How can I write a six-page, thesis-driven research paper for a graduate course on non-traditional roles for women in law enforcement using Bonita Long's "Sex-Role Orientation, Coping Strategies", and "Self-Efficacy of Women in Traditional and Nontraditional Occupations" and P.J. Hughes, "A New Sherriff in Town: The Barriers of Structural Discrimination Facing Women Leaders. Advancing Women in Leadership"?
The main point of many undergraduate papers is simply to demonstrate to your professor that you did the assigned readings. This means that summary is a significant component of many undergraduate papers, especially at the first and second year level. As you move into graduate school, professors are more likely simply to assume you have done the required reading. What they are looking for in your papers is something different: the ability to take what you have learned from your reading and use it to create your own unique, original ideas or conclusions by applying the reading to new material.
As you work on your paper, you may end up disagreeing with some of the articles' conclusion. At the graduate level, you are expected to do critical thinking, where you look at evidence and make an informed judgment about whether published articles are accurate or whether the theories they put forth need some revision. The main thing you need to do in graduate study, as in law enforcement, is keep an open mind and look objectively and critically at all relevant evidence.
Thus what you want to do in this short paper is take the theories set forth in these three articles and apply them to either some specific aspect of law enforcement or to a particular case study. I've listed several ideas below, but it would be a good idea to email or talk with your professor about the ideas before you start writing your paper. Speaking from my own 20+ years of university teaching experience, professors are happy to talk with students about paper ideas or drafts -- it's not an imposition.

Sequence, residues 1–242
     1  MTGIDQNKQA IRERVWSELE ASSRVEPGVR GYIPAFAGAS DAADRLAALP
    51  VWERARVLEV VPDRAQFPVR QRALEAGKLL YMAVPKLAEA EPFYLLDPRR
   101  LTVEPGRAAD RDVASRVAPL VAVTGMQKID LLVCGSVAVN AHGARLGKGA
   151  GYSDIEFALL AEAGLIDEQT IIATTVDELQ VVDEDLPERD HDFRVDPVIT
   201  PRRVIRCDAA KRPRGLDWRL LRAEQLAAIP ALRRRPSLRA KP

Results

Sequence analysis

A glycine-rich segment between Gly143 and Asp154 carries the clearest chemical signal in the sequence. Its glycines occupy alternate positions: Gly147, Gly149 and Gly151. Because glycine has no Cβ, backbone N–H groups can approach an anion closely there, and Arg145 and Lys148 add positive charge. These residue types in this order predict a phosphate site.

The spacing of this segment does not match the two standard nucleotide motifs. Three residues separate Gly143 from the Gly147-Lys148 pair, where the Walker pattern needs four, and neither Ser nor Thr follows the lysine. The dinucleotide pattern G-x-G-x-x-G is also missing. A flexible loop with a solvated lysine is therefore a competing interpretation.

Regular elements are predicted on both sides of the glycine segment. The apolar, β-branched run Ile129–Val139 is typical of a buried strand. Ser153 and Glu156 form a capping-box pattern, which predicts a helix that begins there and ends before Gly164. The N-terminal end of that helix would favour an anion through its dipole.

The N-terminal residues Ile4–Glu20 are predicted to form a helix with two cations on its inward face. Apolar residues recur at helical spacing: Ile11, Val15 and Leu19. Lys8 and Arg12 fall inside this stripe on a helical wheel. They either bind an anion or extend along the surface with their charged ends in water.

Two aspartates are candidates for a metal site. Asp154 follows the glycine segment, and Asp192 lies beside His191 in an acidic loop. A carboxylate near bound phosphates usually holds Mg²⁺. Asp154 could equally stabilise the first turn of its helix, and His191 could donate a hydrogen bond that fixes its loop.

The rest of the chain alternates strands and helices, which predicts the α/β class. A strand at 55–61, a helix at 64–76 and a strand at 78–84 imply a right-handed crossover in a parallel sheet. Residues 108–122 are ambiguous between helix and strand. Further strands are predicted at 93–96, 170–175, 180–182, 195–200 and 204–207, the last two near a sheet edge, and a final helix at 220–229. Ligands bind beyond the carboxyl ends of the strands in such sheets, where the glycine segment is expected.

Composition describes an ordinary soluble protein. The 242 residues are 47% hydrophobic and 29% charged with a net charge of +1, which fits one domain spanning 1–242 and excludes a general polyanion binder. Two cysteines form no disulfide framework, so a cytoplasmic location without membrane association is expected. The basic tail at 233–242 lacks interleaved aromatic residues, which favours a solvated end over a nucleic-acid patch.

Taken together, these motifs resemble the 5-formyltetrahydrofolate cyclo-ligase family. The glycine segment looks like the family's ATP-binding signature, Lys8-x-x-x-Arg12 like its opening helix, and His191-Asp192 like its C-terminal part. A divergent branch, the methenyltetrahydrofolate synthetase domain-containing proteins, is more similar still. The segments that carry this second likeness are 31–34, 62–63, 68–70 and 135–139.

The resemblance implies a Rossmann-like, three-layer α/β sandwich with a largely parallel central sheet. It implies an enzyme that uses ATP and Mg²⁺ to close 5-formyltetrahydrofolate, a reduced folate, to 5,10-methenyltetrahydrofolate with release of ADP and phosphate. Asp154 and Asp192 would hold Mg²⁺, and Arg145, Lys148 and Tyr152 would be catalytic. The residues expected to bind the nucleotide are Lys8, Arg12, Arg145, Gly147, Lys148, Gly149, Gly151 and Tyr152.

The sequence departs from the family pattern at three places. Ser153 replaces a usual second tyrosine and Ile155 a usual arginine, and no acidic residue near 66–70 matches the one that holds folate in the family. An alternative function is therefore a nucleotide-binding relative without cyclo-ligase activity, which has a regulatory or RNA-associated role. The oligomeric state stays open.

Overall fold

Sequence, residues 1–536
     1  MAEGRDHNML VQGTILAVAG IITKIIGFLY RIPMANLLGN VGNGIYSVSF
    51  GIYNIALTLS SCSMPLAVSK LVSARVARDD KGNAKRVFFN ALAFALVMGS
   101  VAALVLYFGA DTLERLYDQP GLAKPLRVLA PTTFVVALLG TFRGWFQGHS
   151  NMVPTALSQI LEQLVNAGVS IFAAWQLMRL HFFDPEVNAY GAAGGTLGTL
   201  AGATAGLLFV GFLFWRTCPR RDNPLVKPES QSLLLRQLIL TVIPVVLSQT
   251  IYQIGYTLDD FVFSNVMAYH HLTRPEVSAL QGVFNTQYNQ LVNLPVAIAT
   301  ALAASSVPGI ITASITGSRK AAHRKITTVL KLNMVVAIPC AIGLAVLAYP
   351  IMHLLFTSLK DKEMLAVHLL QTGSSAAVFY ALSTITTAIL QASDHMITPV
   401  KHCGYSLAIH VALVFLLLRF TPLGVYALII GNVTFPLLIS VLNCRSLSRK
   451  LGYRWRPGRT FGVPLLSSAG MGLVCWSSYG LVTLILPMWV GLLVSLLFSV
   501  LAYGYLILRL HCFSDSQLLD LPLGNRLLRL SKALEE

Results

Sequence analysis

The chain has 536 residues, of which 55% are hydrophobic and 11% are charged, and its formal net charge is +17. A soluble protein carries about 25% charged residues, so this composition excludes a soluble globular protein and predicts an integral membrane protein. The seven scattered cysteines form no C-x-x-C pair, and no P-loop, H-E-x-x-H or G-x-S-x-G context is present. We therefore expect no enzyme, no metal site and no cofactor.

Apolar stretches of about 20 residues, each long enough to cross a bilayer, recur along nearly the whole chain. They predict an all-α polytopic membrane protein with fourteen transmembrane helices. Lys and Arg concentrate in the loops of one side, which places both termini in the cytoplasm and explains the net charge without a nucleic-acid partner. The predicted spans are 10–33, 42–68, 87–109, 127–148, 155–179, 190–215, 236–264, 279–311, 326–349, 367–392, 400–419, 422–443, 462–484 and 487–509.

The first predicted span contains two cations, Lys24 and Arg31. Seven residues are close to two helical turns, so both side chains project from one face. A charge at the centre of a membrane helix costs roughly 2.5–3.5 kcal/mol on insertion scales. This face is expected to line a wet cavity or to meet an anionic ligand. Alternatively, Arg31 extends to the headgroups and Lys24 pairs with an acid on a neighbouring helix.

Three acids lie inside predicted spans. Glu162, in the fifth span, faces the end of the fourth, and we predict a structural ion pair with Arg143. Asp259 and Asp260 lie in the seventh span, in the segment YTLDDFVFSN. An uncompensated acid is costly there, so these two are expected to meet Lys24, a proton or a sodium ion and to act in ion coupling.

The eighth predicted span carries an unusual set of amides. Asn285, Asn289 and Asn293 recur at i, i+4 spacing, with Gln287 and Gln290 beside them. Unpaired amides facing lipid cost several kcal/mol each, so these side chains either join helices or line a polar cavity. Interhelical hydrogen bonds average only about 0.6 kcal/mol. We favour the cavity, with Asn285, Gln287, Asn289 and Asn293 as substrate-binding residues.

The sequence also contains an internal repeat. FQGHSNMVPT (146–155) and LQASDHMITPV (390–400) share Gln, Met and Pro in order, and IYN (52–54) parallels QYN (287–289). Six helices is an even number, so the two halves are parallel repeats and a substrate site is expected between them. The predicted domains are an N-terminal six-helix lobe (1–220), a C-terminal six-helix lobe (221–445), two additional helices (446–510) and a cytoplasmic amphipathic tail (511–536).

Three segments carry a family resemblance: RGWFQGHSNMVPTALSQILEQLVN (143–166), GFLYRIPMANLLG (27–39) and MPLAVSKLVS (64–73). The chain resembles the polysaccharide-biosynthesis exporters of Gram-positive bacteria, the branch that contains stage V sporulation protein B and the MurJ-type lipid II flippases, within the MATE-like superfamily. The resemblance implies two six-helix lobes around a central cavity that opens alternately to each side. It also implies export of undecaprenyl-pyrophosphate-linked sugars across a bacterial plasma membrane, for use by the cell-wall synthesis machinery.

If you are currently interning in or working in law enforcement, you could do a case study involving your own workplace. You might develop your own survey, paralleling the one by Bonita C. Long, either on paper or by using a tool such as Survey Monkey (link below) that allows you to create surveys that can be sent to participants by email and guarantees anonymous recording of answers.
Another possibility would be doing an interview of one individual woman working in law enforcement. You would write out in advance 10 to 20 questions based on the readings and ask your interview subject the degree to which the conclusions of the article reflect her experience.
Another possibility would be doing research on five or ten leading women in law enforcement to see whether they seem to fit the models proposed in the articles you need to use.